8 reasons to love the Proms
1. There's something for everyone
2. Crowd control
Up to 6,000 people in the Royal Albert Hall who have politely queued, online or in real life, and looked forward to this moment, enjoying a musical delight together, in blissful harmony. It’s like a football crowd if both teams won.
Like Wimbledon or cricket, the British summer wouldn't be the same without the Proms. Along with tutting, talking about the weather and apologising, it's a quintessential part of tradition. Tourists, locals and people from all over the country feel the same sense of history when they do the Proms.
Proms performers appear to be having as good a time as the audience. The drama of the conducting, for example, is an event in itself. From the power of Sakari Oramo (see picture above) to the wild hair-flinging of Simon Rattle and the emotional dynamism of Marin Alsop. Feel free to join in yourself (not really).
5. Dressing up
There is nothing…NOTHING…the British public likes more than dressing up. Large man who wants to dress as a 1920s flapper while wearing a Union Jack stetson? The Last Night of the Proms is the very place to do it.
6. A chance to be smug
There are 21 world premiere performances of new works this year. That's 21 individual opportunities to take the hipster high-ground and casually slip an 'I heard it first' into conversations to impress your friends. The chance for intellectual name-dropping it gives afterwards really are unsurpassed. It is a genuinely excellent way to introduce yourself to music you’ve never come across before. A contra-bassoon concerto? French modernism? Yes please.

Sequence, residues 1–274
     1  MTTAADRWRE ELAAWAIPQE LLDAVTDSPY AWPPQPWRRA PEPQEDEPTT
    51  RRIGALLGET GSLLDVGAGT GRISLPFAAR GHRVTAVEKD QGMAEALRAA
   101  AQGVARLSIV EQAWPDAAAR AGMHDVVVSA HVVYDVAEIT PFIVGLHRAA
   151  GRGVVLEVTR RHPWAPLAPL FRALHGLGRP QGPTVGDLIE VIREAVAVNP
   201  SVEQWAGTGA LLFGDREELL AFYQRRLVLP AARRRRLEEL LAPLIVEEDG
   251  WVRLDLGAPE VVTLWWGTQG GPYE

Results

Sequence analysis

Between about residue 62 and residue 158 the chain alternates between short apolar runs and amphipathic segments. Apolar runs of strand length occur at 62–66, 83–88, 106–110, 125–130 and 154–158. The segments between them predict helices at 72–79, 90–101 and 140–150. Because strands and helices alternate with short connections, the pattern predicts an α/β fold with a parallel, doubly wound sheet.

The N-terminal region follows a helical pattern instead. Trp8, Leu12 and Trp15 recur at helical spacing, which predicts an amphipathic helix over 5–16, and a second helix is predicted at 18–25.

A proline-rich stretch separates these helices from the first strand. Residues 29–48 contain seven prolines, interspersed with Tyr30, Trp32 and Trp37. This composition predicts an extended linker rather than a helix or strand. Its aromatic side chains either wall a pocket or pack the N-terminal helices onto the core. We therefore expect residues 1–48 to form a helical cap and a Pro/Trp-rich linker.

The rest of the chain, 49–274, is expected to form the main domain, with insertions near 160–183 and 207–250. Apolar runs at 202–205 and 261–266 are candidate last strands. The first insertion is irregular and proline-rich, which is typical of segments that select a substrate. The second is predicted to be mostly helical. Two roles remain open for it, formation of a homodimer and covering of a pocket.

Each prom has up to 1,350 standing/Promming places available on the day – world class performances for £5, and an opportunity to take part in one of the world’s greatest exercises in the democracy of music.
8. The rituals
Like every traditional event, the Proms has become shrouded in ritual. From the sociability of the queue and the bobbing up and down during Rule Britannia on the Last Night, to the call and response when stagehands bring a piano onto the stage and the arena prommers shout "heave!" and the audience shouts "ho!", it’s all part of the joy. And you have to take part. It’s the law, and we love it.